The contributors are an impressive group, a sample of important theoreticians and practitioners in family thearapy, from founders of the field to a new generation of young clinicians. There are chapters by Humberto Maturana, Paul Watzlawick and Wendel Ray, William Nichols, Luigi Boscolo, Celia Falicov, Monica McGoldrick, Tom Andersen, Florence Kaslow, Duncan Stanton, Karl Tomm and Tom Strong, Jack Saul and Judith Landau, to mention some names that may be well known to our Anglophone readers. Spanish speaking therapists are probably familiar with work of Juan Luis Linares, Jorge Colapinto, C. Rausch Herzovici, Marcelo Pakman and Arturo Roizblatt, among others. For me, reading Terapia Familiar y de Pareja was like attending a party where I saw old friends and was excited to meet new people. It made me embarrasingly aware of how little I know about our colleagues in South America and reading the contributions of Carrasco, Bernales, Domínguez and Covarrubias made me wonder why I had not met them sooner and want to learn more about their work. I felt proud and glad to see chapters by my Mexican colleagues Ismael Díaz and Luz de Lourdes Eguiluz. I was particularly touched reading a chapter by my dear friend Emily Sued, who passed away a year ago, and the writings of Tom Andersen and Paul Watzlawick, which were probably among their last publications.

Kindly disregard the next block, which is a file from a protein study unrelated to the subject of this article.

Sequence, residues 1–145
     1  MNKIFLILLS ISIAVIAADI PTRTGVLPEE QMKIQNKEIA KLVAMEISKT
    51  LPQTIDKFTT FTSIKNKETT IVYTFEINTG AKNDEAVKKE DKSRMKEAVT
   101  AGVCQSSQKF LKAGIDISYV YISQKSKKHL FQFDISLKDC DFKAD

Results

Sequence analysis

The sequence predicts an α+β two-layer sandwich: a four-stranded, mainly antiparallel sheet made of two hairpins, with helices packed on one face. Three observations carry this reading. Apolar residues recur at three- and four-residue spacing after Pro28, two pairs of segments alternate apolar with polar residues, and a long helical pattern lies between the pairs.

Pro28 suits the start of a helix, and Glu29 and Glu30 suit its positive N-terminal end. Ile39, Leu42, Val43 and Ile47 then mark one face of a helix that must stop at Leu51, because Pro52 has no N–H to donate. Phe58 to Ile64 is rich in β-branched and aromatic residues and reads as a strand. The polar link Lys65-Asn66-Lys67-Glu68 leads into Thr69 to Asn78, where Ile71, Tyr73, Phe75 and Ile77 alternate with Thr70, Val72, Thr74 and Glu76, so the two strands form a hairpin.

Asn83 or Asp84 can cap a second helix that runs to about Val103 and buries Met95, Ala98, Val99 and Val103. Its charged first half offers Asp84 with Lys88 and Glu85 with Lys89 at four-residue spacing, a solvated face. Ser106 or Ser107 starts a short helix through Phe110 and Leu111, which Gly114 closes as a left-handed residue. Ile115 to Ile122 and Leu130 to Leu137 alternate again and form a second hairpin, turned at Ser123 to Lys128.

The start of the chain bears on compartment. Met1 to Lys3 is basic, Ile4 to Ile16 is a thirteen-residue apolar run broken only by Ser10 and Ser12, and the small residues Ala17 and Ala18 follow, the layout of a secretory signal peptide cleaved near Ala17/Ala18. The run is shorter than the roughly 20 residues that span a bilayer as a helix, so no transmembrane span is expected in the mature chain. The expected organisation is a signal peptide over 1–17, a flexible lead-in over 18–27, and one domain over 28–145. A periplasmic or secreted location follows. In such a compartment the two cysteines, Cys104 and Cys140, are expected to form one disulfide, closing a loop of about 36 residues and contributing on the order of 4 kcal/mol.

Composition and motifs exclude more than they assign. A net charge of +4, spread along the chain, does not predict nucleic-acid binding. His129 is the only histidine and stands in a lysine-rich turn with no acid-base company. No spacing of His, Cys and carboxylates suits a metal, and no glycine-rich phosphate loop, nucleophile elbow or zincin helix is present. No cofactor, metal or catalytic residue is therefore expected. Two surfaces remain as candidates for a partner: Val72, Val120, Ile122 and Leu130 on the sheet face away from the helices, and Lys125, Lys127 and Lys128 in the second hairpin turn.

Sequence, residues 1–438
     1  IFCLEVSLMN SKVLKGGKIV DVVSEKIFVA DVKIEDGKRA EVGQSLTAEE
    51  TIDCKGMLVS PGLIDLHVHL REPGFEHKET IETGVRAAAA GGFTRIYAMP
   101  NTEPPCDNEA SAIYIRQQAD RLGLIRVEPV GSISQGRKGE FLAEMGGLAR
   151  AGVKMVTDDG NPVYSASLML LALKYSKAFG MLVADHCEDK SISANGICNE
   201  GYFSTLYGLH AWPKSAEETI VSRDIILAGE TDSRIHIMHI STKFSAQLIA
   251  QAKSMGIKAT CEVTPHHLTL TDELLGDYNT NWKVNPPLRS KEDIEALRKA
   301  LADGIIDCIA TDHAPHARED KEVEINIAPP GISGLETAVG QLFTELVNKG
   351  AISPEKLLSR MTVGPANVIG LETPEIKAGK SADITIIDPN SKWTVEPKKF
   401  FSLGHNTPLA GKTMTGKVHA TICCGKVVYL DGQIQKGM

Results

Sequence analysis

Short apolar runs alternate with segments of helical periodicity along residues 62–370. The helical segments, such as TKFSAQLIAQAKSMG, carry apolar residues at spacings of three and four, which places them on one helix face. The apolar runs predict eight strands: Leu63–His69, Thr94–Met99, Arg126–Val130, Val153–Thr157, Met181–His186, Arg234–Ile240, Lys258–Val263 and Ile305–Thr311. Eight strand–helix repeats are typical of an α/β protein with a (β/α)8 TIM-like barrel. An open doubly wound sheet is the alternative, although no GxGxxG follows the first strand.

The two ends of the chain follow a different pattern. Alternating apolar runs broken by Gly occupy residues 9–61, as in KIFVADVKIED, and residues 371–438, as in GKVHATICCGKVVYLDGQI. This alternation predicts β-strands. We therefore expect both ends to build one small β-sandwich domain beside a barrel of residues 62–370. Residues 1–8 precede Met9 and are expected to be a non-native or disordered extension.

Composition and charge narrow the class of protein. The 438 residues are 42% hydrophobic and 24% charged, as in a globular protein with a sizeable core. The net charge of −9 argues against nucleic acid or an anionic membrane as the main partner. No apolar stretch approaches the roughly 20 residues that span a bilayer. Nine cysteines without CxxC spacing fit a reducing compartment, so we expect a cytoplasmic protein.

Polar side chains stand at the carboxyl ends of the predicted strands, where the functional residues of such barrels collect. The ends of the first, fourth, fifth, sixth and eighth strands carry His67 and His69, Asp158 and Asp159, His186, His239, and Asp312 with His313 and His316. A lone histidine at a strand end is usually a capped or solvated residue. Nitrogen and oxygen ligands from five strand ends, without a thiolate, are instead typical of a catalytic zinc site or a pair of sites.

The 44 chapters in Roizblatt’s book cover a lot of ground. They start with an epistemological section that highlights constructivist and language based conceptualizations of therapy. Part II of the book presents ideas that are not exclusive to any specific school of therapy and can be useful for therapists of diverse orientations. The third section presents excellent introductions to eight different therapy approaches: MRI’s interactional model, structural, Milan, symbolic experiential, social constructionist, Bowenian, solution focused and narrative therapy. There is a part about special difficulties that families may face, like migration, mourning, violence, violation of human rights, infertility, eating disorders, HIV and AIDS, mental illness and addictions. It also includes chapters based on life cycle matters, like “young” families, children and adolescents. There is one section devoted to couples which includes research on long lasting partnerships, theoretical perspectives on couplehood, psychodynamic and cognitive behavioral couple´s therapy, the implementation of a “couple’s clinic”, mediation and therapy with divorcing couples and stepfamilies. The last section focuses on broader social contexts like poverty and social justice and the book ends on an inspiring note with two chapters on family resilience.